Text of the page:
An extra doctor visit may help prevent rehospitalization of kidney failure patients

May 8, 2014

More frequent face-to-face physician visits in the month following hospital discharge may help reduce a kidney failure patient's chances of needing to be sent back to the hospital. That's the conclusion of a study appearing in an upcoming issue of the Journal of the American Society of Nephrology (JASN). The study also found that closer outpatient monitoring of kidney failure patients following hospital discharge could cut health care costs significantly.

A major goal of has been to reduce hospital readmissions within a month after patients are discharged. Individuals with represent one group of patients at increased risk of being readmitted.

Kevin Erickson, MD (Stanford University) and his colleagues looked to see if more outpatient physician visits to patients might cut down on readmissions among kidney failure patients.

Among the major findings:

  • In 26,613 patients who were on dialysis between 2004 and 2009, one additional provider visit in the month following hospital discharge was estimated to reduce the probability of 30-day hospital readmission by 3.5%.
  • The reduction in 30-day hospital readmission ranged from 0.5% to 4.9% in an additional four groups of patients tested, depending on population density around facilities, facility profit status, and patient Medicaid eligibility.
  • At current Medicare reimbursement rates, the effort to see patients one additional time in the month following could lead to 31,370 fewer hospitalizations per year, and $240 million per year saved.

"This research is important by highlighting the role that outpatient nephrology providers have in preventing hospital readmissions for patients receiving hemodialysis," said Dr. Erickson.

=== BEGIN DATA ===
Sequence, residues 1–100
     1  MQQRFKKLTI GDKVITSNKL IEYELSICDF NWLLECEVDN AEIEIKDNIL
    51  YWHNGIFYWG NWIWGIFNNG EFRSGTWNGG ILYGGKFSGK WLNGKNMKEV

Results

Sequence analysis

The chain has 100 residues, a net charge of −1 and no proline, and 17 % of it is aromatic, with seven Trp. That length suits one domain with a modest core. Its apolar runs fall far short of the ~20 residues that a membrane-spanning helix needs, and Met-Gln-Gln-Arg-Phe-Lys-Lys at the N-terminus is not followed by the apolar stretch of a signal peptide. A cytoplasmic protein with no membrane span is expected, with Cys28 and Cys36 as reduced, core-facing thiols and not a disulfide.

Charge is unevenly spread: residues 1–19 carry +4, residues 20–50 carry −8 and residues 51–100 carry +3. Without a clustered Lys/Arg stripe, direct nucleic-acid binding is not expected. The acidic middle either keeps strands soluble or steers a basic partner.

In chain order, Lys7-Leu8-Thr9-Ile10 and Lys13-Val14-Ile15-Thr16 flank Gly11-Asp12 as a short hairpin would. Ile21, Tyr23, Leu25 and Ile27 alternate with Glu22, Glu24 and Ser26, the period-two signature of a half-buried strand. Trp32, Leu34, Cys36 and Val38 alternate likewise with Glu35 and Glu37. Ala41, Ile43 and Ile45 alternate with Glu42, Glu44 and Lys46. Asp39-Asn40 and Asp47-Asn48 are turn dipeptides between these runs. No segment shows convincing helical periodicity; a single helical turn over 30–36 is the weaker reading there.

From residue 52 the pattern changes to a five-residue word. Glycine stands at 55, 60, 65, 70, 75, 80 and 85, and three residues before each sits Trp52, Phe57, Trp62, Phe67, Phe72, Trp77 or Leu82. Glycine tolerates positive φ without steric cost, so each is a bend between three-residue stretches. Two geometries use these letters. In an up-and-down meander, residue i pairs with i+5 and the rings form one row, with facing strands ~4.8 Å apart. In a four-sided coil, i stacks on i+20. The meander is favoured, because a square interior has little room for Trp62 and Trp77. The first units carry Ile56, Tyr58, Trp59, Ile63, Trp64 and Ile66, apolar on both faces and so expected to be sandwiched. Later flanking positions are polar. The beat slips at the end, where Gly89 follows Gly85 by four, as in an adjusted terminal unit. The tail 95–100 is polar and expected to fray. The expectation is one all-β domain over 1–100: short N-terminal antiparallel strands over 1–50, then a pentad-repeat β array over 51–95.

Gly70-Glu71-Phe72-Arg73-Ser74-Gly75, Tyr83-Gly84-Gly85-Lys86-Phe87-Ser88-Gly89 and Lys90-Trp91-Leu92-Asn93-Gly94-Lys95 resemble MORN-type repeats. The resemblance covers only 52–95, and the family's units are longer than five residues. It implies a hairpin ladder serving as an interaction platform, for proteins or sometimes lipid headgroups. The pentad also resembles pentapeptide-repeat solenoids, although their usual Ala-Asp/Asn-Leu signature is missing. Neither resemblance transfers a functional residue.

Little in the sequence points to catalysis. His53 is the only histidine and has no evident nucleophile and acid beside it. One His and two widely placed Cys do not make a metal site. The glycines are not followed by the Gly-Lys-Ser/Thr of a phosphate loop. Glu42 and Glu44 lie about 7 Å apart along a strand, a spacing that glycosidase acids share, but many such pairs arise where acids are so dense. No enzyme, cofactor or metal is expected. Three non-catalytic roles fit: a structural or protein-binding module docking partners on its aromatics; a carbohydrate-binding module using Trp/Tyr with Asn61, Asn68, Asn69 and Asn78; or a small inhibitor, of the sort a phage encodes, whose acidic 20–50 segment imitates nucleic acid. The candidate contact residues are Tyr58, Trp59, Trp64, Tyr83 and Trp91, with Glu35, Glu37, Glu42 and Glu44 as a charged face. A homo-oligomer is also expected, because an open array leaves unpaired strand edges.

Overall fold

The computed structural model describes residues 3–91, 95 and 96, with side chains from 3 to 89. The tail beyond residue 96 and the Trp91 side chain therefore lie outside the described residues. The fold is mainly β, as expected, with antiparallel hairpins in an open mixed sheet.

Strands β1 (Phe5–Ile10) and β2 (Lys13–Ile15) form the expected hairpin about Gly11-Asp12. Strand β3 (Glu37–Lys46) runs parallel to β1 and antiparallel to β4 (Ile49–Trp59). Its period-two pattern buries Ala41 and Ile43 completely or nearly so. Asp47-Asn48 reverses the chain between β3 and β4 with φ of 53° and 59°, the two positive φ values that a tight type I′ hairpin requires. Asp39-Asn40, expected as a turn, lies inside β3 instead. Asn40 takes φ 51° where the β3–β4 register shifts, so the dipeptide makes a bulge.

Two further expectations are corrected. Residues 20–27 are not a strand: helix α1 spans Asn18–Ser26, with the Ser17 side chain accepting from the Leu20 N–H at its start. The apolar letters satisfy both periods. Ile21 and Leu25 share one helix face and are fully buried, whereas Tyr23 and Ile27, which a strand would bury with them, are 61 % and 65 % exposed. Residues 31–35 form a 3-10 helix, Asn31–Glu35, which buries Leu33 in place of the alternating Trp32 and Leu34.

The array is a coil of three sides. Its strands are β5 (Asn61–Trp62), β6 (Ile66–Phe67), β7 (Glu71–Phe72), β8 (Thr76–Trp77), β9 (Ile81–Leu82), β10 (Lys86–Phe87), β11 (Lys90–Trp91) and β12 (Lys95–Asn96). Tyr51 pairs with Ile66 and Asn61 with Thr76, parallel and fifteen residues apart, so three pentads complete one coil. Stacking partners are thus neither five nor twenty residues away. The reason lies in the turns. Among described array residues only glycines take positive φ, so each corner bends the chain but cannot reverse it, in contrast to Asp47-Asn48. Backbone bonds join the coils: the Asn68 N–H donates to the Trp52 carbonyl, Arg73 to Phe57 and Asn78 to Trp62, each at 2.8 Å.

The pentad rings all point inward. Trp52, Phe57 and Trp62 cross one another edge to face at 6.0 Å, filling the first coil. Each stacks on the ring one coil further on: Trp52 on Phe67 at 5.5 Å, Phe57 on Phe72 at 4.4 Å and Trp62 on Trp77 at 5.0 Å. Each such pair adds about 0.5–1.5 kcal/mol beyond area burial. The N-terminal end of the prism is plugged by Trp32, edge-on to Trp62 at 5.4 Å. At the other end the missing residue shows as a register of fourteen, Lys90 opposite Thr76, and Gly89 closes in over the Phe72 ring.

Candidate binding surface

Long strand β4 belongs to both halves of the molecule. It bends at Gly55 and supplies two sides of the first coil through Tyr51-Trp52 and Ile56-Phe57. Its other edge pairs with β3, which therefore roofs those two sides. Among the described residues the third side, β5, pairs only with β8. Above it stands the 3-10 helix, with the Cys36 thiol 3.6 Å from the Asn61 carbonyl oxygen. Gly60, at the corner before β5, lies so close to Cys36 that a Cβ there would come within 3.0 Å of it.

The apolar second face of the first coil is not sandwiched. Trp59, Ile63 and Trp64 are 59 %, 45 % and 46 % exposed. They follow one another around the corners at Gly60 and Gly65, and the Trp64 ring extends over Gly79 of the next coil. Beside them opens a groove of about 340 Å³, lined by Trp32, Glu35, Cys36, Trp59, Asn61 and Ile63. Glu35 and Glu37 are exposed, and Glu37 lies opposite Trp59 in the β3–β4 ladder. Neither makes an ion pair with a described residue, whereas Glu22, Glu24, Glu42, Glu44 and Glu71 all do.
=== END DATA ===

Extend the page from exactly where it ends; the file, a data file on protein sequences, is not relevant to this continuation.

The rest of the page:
In an accompanying editorial, Raymond Hakim, MD (Vanderbilt University) and Allan Collins, MD, FACP (University of Minnesota, Minneapolis) noted that the study's findings should be considered in any plan to reduce rehospitalizations in the dialysis population. They also noted several other interventions and services by the health care team that can lead to reduced rehospitalization. "Reducing the high rates of rehospitalization in [kidney failure] patients is clearly in the best interests of patients and in the financial interests of dialysis facilities providing maintenance dialysis services, as well as the hospitals to which are occasionally admitted to receive acute services," they wrote.

Explore further: Hospitalized patients with acute kidney injury may not be receiving sufficient care after discharge

More information: The article, entitled "Physician Visits and 30-Day Hospital Readmissions in Patients Receiving Hemodialysis," will appear online at jasn.asnjournals.org/ on May 8, 2014.

The editorial, entitled "Reducing Avoidable Rehospitalization in ESRD: A Shared Accountability," will appear online at jasn.asnjournals.org/ on May 8, 2014.

Related Stories

Recommended for you

New drug to fight fatal but neglected tropical disease

August 31, 2016

In a breakthrough for those infected by the parasites that cause sleeping sickness, a young Queensland researcher has identified a compound that kills the parasites in the lab without having any toxic effect on human cells.

Traces of Ebola virus linger longer than expected in semen

August 31, 2016

Initial data from a Liberian public health program show about 9 percent (38) of 429 male Ebola survivors had fragments of Ebola virus in their semen. Of those, 63 percent had semen samples that tested positive for Ebola fragments ...

Researchers discover a drug for a tropical disease

August 30, 2016

Researchers at the University of Georgia are working to find the fastest way possible to treat and cure human African trypanosomiasis, long referred to as sleeping sickness. By working to improve chemical entities already ...

0 comments

Please sign in to add a comment. Registration is free, and takes less than a minute. Read more

Click here to reset your password.
Sign in to get notified via email when new comments are made.